First-year medical student enrollment saw significant gains among those from historically marginalized racial and ethnic groups. Enrollment jumped more than 20% among Black medical students and 7% among students “who are Hispanic, Latino, or of Spanish origin,” data released by the Association of American Medical Colleges (AAMC) indicated.
“It is gratifying to see this growth in the diversity and number of students interested in a career in medicine, particularly during such a unique time in history as a result of the global pandemic and the growing recognition of the effects of health disparities in our country,” said David J. Skorton, MD, AAMC president and CEO.
“For nearly two years, Americans have watched the heroism and dedication of physicians on the front lines,” Dr. Skorton added. “As the nation faces a real and significant projected shortage of physicians, I am inspired by how many individuals want to follow in the footsteps of those before them to serve their communities.”
Work left to be done
The encouraging numbers for Hispanic and Black students among first-year medical students are a positive note, but it would need to be the beginning of a large trend to reverse a problem in physician representation that has existed for generations.
Black or African American students made up 11.3% of matriculants (first-year students) in 2021, up from 9.5% in 2020. Of particular note are the increases among Black men; first-year students from this group increased by 20.8%.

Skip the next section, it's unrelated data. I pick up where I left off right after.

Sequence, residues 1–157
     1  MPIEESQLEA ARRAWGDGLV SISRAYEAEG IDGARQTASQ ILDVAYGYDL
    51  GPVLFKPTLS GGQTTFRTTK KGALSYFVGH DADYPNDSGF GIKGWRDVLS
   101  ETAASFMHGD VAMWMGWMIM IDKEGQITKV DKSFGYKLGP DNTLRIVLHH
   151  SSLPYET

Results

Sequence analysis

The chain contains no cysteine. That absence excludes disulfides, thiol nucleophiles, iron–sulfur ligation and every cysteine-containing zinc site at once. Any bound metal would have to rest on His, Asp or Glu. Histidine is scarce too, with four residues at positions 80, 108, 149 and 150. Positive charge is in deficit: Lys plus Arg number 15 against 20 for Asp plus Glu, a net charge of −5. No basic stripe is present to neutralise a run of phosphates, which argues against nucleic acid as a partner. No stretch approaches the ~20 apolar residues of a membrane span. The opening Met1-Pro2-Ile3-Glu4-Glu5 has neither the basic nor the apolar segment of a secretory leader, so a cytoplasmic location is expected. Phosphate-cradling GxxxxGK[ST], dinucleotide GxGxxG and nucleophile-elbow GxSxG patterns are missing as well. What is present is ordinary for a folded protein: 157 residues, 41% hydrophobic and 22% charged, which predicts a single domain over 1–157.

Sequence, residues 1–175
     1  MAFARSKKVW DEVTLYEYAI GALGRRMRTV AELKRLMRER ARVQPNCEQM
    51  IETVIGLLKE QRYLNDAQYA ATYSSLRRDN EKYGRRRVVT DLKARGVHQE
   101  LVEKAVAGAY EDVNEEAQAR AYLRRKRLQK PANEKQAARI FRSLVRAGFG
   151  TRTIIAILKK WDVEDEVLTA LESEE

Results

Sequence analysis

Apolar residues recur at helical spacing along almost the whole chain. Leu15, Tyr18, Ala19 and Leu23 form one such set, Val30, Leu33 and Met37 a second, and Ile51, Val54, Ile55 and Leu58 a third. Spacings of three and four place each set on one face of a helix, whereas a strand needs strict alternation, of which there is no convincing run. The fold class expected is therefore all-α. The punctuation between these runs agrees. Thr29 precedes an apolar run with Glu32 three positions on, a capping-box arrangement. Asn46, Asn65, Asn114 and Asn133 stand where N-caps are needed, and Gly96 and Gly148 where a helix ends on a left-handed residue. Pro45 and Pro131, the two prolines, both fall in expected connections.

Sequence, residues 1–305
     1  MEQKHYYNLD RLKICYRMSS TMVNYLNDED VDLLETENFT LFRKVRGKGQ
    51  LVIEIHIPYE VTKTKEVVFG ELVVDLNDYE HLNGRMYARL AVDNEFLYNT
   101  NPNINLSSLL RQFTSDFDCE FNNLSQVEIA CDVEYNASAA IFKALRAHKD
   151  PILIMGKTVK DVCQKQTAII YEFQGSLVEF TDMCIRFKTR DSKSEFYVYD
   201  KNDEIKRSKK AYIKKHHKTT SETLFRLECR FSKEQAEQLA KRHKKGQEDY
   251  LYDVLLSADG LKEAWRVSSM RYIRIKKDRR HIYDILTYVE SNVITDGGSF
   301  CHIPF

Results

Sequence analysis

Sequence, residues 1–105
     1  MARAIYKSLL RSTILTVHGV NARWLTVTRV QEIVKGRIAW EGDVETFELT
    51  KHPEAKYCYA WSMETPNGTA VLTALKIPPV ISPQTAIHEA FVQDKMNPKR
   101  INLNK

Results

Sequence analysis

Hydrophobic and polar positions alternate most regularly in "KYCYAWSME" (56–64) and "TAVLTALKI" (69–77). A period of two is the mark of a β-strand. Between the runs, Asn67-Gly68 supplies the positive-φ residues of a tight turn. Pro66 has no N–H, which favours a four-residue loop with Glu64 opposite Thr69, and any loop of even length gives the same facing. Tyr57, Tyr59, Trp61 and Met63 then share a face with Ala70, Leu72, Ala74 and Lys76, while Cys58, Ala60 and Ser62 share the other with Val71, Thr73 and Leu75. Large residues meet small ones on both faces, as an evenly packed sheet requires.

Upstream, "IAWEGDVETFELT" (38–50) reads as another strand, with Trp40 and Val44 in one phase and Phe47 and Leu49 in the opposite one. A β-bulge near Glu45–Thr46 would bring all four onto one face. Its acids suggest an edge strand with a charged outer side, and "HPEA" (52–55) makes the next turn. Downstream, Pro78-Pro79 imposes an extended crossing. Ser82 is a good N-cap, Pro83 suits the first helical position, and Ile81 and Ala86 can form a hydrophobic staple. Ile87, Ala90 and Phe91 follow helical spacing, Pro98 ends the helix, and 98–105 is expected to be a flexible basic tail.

Hispanic students represented 12.7% of matriculants, up from 12.0% in 2020. However, American Indian or Alaska Native first-year students declined by 8.5%, to 227, making up 1% of matriculants. This is alarming for a group that makes up roughly 3% of the U.S. population as programs for Native students aimed at addressing this inequity have been implemented on many levels.
“The gains in medical school enrollment of students from underrepresented groups are encouraging, but there is still much more work to be done—including increasing the representation of American Indian and Alaska Native communities—to ensure that our nation’s diversity is reflected in the future physician workforce,” said Geoffrey Young, PhD, AAMC senior director, transforming health care workforce. “The AAMC and our member medical schools are deeply committed to significantly increasing the number of applicants and students from underrepresented groups.”
Making physician diversity a priority
The AMA is looking to address physician diversity on several fronts. The AMA Accelerating Change in Medical Education Consortium has worked with Morehouse and other member medical schools to share strategies for enhancing recruitment, fostering viable pathways into medicine, promoting holistic admissions processes and creating inclusive learning environments, as outlined in a recent paper published in the journal Medical Teacher. The ultimate goal is to generate a physician workforce that more closely resembles that of the nation.
The group has shared a process of institutional diversity-and-inclusion self-study, and issued a statement to protect diverse learners during educational disruptions related to COVID-19.
The AMA Doctors Back to School™ program, meanwhile, introduces children to professional role models and shows kids of all ages from historically excluded racial and ethnic groups that a career in medicine is attainable for everyone. Learn more about the AMA Minority Affairs Section, which gives voice to and advocates on issues that affect minoritized physicians and medical students.
Launched last year, the AMA Center for Health Equity has a mandate to embed health equity across the organization so that health equity becomes part of the practice, process, action, innovation and organizational performance and outcomes.